‘Unconsciousness Rules’ is more subtly angry. A more poppy song with sprightly lead guitar and backing vocals, playful piano, great washes of organ and an almost jazzy sax sound, it sounds to me like a swipe at some of the more mindless dance music around at the time – ‘You dance at the discotheque, That’s why you look such a wreck’.

      Having got all that off his chest, he’s into more spiritual waters next. ‘Life Itself’ could be a love song, or more probably another variation on the religious ‘My Sweet Lord’ theme. A ballad with plaintive vocals and majestic guitar, there’s an endearing simplicity – if possibly a shade too simple – about the lyrics.

      Next up was the song to which the album owed its selling power, and chances are it’s the only one you’ll remember unless you’re a diehard George fan. ‘All Those Years Ago’ is perhaps a bit incongruous. For a tribute song it’s surprisingly jaunty and upbeat, although on the other hand it could be argued that Lennon might not have wanted to be commemorated by a funereal dirge. This is anything but. Eastern strings, bouncy bass and piano, and as already mentioned the other three former Beatles plus their producer, all got together to remember their departed colleague: ‘And you were the one they backed up to the wall, All those years ago, You were the one who imagined it all.’ It manages to be wistful and celebratory all at once, no mean feat, and is undoubtedly one of the strongest songs here.

      Next comes one of two songs by Hoagy Carmichael, ‘Baltimore Oriole’. I find this rather out of place. Much as I might like the song, George Harrison recording songs from the jazz age doesn’t really sound right in this context. That smooth synth-keyboards and saxes intro might be all right for the likes of George Michael, but not here.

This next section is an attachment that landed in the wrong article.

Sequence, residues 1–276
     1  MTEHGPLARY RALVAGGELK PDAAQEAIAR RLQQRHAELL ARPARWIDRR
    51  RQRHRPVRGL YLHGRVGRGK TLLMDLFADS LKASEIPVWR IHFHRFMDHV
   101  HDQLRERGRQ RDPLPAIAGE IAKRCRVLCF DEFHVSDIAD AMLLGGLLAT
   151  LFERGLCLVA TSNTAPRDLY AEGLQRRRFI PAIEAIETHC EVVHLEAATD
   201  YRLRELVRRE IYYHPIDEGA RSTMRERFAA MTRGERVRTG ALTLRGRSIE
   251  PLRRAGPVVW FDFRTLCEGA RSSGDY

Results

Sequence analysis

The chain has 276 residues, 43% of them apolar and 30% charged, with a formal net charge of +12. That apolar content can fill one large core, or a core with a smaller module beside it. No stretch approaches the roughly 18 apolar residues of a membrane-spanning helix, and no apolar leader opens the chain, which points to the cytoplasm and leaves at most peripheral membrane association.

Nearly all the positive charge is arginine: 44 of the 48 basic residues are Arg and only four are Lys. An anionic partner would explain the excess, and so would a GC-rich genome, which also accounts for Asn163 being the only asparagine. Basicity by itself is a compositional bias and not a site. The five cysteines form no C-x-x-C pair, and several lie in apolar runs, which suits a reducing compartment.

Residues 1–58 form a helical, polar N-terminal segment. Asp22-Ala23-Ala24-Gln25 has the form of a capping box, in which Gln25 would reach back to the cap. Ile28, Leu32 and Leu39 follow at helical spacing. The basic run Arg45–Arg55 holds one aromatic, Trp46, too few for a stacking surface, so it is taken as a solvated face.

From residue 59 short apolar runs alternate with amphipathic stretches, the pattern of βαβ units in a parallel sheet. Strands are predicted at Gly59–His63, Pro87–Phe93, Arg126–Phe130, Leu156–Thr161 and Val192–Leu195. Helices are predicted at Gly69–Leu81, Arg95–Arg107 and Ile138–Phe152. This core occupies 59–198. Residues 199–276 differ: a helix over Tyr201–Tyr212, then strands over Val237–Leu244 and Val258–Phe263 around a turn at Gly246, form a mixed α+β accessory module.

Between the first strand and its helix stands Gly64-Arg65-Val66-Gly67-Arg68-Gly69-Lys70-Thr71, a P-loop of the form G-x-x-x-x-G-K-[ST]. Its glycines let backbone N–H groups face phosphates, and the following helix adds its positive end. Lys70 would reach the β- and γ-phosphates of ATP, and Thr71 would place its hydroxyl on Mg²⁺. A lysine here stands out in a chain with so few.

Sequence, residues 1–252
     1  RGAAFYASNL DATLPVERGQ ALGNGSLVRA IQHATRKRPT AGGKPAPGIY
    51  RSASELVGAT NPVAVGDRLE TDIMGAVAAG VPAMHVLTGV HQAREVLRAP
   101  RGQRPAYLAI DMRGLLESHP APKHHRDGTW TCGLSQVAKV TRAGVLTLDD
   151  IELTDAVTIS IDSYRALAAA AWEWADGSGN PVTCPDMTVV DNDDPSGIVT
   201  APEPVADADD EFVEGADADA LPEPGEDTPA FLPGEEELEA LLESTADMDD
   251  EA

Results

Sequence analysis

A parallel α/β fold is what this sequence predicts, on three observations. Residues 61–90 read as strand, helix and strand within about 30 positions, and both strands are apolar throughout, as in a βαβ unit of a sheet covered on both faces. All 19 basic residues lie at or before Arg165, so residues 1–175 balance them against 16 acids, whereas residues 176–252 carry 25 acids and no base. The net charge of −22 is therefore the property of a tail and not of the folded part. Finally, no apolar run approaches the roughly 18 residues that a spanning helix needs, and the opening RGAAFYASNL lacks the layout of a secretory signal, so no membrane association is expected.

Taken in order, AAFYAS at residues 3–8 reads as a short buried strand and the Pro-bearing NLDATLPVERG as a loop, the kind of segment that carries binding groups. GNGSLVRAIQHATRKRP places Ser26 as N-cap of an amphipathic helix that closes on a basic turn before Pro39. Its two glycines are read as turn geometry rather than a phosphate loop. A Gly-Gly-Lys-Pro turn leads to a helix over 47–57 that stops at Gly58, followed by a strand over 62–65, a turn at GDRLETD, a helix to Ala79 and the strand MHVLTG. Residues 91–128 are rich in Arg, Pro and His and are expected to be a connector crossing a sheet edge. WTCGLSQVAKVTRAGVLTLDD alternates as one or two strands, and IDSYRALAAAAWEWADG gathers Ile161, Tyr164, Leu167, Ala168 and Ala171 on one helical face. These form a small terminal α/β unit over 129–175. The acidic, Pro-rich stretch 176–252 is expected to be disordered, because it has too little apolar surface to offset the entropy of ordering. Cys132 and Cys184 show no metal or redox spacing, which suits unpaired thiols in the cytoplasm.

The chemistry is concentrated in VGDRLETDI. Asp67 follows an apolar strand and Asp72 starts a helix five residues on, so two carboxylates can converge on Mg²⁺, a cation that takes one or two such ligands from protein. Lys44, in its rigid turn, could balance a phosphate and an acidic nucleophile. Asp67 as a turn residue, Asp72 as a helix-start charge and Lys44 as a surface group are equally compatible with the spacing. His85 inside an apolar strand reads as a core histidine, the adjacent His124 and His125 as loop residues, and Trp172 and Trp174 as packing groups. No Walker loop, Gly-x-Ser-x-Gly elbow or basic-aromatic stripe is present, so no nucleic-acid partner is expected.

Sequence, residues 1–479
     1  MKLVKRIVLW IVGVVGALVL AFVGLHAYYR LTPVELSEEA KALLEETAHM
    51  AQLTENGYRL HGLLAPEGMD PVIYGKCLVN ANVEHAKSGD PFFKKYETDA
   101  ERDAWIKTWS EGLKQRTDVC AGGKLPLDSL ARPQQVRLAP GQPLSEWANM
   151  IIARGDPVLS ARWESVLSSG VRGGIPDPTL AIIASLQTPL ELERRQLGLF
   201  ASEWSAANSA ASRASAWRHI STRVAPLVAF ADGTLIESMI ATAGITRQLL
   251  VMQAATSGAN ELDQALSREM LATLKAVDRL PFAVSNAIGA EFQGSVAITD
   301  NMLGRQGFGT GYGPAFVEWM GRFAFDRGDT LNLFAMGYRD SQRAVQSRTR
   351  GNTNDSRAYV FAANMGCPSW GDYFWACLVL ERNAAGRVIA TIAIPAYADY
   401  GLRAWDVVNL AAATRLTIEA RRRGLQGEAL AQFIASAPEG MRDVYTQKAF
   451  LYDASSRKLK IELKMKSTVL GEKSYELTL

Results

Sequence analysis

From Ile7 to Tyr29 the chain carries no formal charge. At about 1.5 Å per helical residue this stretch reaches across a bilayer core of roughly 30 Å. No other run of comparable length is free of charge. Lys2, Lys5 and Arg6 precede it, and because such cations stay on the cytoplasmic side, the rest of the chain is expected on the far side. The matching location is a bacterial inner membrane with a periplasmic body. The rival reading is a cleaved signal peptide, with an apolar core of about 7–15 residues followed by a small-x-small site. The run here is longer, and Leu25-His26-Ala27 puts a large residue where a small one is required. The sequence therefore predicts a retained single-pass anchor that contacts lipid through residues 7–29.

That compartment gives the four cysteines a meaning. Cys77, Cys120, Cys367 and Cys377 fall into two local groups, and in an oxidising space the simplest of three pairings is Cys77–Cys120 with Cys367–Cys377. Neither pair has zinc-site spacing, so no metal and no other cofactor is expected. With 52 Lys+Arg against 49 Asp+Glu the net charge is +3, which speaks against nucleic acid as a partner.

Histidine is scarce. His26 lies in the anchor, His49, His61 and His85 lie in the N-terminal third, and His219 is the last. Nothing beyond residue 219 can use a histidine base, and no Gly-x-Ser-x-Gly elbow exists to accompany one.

However the other George redeems himself on ‘Teardrops’. I’ve got minor reservations about the lyrics – ‘I’ve had my share of crying buckets full of teardrops’ sounds rather amateur, somehow – but otherwise the song and arrangement compensate in what is one of the album’s highlights. An intro of pounding bass guitar, tinkling synths (reminiscent of an incredible, and woefully-overlooked minor hit from 1980 by The Motors, ‘Love and Loneliness’, a great favourite of mine), a sweep down the piano keyboard, and rattling tambourine alongside a sturdy drum beat, take you into a very infectious chorus. And some good, uniquely Harrisonesque slide guitar appears later on. This was the second single from the album, but sadly never became a hit.

      Unhappily, the remaining four tracks aren’t really quite up to standard. ‘That Which I Have Lost’ is the best of a not so brilliant bunch. There’s a countryish shuffle with some attractive acoustic guitar picking as well as a touch of nifty electric work on the instrument, but the song is nothing special to start with. The low-key ‘Writing’s On The Wall’, a doomy philosophical lyric, starts off very quiet and low-key, and sounds for a while as if it’s about to build into something really special, but never does. Another Hoagy Carmichael number, ‘Hong Kong Blues’, opens with an oriental gong (well it would, wouldn’t it?), and is quite spirited with some fairly jaunty guitar and horns, but like ‘Oriole’, sounds rather out of context.